Failure to Protect: Reach Up is Not Meeting Kids’ Basic Needs
Vermont’s safety net program for families living below the poverty line hasn’t kept up with the cost of living.
Reach Up is Vermont’s cash assistance program for very low-income families facing significant barriers to employment. Funded by a combination of federal Temporary Aid to Needy Families (TANF) block grant and state funds, Reach Up’s purpose is two-fold: to support adults in moving toward sustainable employment while providing for the basic needs of their children.
Reach Up family grants are frozen in time
Our safety net programs should act as a failsafe for Vermonters, at the very least, stopping them from falling below what is required for subsistence. Reach Up grants to families are well below this, having not seen a cost of living increase in since 2004. In today’s dollars they provide only 34-35% of what’s needed to cover the most basic human needs.
Keeping families in a state of deprivation takes their attention away from what matters
To allow families to struggle in deep poverty is not only an affront to human dignity, it undermines our collective wellbeing and prosperity as a state. Reach Up’s meager level of support makes it harder for the adults on the program to meet their goals, because so much of their energy is directed toward just surviving. Research shows that when people’s minds are in a constant state of stress and scarcity, their cognition is compromised. The fight for daily survival exacts a “bandwidth tax” on brain functioning, and focuses people on short-term needs.1
Child poverty takes a heavy human and economic toll
The stress of living in poverty increases the likelihood that families will come in contact with the child protection system.2 Research shows that kids who grow up in a state of deprivation don’t do as well as their peers in affluent families, and even small increases in family income can improve outcomes.3 Economic hardship is the most common source of toxic stress for children in Vermont, and the current Reach Up benefit level keeps child participants in deep poverty while their adult caregivers strive to overcome barriers to employment.
Federal welfare reform was motived by deeply entrenched racism and sexism and has done little to reduce child poverty.
An equity analysis of poverty recognizes that income inequality is a structural phenomenon that intentionally privileges certain populations and disadvantages others. But the welfare reform law from 1996 emphasized personal responsibility and incentivized caseload reductions independent of the economic realities facing marginalized groups like women and black, indigenous, and other people of color (BIPOC).
Systemic income inequality is toxic for kids. A recent UNICEF report found that the U.S. ranked 26th
on the list of 29 developed countries surveyed on the well-being of children, the only rich country in the bottom third of rankings. 4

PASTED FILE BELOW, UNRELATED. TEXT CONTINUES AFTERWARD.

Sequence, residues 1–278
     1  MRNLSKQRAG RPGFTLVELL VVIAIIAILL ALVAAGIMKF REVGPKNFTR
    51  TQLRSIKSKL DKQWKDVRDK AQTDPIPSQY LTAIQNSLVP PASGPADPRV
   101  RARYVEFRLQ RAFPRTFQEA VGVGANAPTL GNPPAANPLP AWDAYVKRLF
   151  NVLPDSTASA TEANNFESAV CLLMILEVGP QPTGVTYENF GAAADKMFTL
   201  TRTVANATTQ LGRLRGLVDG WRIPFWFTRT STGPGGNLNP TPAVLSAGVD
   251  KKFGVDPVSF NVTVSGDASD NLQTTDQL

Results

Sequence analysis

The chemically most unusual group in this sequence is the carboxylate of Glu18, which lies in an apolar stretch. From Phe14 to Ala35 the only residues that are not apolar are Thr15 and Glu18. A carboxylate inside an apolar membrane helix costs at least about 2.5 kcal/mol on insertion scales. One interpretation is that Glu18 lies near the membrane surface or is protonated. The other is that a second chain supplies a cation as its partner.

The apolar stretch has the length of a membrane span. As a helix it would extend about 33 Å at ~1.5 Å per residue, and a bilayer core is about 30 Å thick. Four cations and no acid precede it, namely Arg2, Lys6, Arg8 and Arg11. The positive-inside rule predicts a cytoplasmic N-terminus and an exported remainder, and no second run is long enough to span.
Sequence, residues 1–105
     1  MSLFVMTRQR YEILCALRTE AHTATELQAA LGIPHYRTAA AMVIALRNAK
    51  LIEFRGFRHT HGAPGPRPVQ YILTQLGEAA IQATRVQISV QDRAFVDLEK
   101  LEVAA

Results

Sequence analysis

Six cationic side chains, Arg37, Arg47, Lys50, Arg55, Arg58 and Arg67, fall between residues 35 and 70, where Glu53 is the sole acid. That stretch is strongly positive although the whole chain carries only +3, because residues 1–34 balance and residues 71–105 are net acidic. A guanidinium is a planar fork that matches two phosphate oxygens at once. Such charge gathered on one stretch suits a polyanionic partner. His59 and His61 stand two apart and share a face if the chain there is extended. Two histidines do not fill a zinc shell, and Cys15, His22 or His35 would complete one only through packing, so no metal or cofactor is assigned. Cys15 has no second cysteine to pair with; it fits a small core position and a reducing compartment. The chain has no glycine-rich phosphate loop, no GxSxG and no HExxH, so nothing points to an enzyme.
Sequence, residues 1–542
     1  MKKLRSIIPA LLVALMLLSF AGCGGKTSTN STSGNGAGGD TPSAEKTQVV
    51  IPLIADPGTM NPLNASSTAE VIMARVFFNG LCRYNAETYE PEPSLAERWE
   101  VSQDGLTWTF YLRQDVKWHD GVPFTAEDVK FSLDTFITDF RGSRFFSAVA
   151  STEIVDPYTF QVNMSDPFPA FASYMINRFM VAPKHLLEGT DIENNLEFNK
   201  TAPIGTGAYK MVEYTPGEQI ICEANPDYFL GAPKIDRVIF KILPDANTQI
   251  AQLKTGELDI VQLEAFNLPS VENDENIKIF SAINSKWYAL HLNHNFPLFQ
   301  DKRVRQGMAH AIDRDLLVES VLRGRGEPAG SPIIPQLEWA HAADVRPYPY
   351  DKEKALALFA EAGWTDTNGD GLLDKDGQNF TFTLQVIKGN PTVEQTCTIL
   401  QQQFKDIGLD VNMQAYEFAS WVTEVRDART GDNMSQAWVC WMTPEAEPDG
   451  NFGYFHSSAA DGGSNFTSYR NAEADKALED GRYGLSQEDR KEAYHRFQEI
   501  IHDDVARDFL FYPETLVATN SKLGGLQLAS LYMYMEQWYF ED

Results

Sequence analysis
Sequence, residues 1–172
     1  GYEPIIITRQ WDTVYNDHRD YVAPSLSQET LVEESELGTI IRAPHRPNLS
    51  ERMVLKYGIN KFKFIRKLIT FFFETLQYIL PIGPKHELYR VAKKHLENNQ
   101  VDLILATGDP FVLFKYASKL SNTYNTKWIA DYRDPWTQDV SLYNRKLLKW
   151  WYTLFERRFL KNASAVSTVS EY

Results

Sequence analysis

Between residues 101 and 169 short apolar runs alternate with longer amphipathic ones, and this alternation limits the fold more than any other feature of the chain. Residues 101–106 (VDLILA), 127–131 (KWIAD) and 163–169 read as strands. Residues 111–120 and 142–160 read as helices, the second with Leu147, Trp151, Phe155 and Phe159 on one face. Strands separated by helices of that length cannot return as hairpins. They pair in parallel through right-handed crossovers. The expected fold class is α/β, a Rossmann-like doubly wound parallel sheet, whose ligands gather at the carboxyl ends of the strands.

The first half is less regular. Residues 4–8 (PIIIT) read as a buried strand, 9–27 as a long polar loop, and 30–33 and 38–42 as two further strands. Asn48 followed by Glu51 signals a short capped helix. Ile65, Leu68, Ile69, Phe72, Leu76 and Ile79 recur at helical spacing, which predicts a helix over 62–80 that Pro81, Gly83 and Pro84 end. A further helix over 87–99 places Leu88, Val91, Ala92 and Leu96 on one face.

Social transfers play an important role in mitigating income inequality and child poverty in many developed countries. The US stands alone among rich countries in neglectingthe rights of children to have their basic human needs met.
FY 2020 Budget Request
Increase base grants to levels that provide for basic needs. An increase of $1 million would boost the average family grant by $25 - not a lot, but enough to make a small difference.
Eliminate the $115 penalty assessed on families that include an adult with disabilities receiving Social Security Insurance (SSI). These adults are not counted in the family size calculation in determining the Reach Up grant, so their SSI income should not factor either. Disabilities are both a cause and consequence of living in poverty. People with disabilities experience poverty at much higher rates than those without. This penalty exacerbates inequity and should be repealed.
Reach Up Coalition Members
Disability Rights Vermont
Hunger Free Vermont
Public Assets Institute
Vermont Affordable Housing Coalition
Vermont Early Childhood Advocacy Alliance
Vermont Legal Aid
Vermont Low Income Advocacy Council
Vermont Network Against Domestic and Sexual Violence
Vermont Parent Child Center Network
Voices for Vermont’s Children
1 Schilbach, F., et al (2016). The Psychological Lives of the Poor. The American Economic Review, 106(5), 435-440.
2 Sedlak AJ, et al. (2010) Fourth National Incidence Study of Child Abuse and Neglect (NIS-4): Report to Congress.
3 Brooks-Gunn, J. , & Duncan, G. (1997) The Effects of Poverty on Children. The Future of Children, Vol.7 No.2. https://www.princeton.edu/futureofchildren/publications/docs/07_02_03.pd
4 UNICEF Office of Research (2013). ‘Child Well-being in Rich Countries:A comparative overview’, Innocenti Report Card 11, UNICEF Office ofResearch, Florence. https://www.unicef-irc.org/publications/pdf/rc11_eng.pdf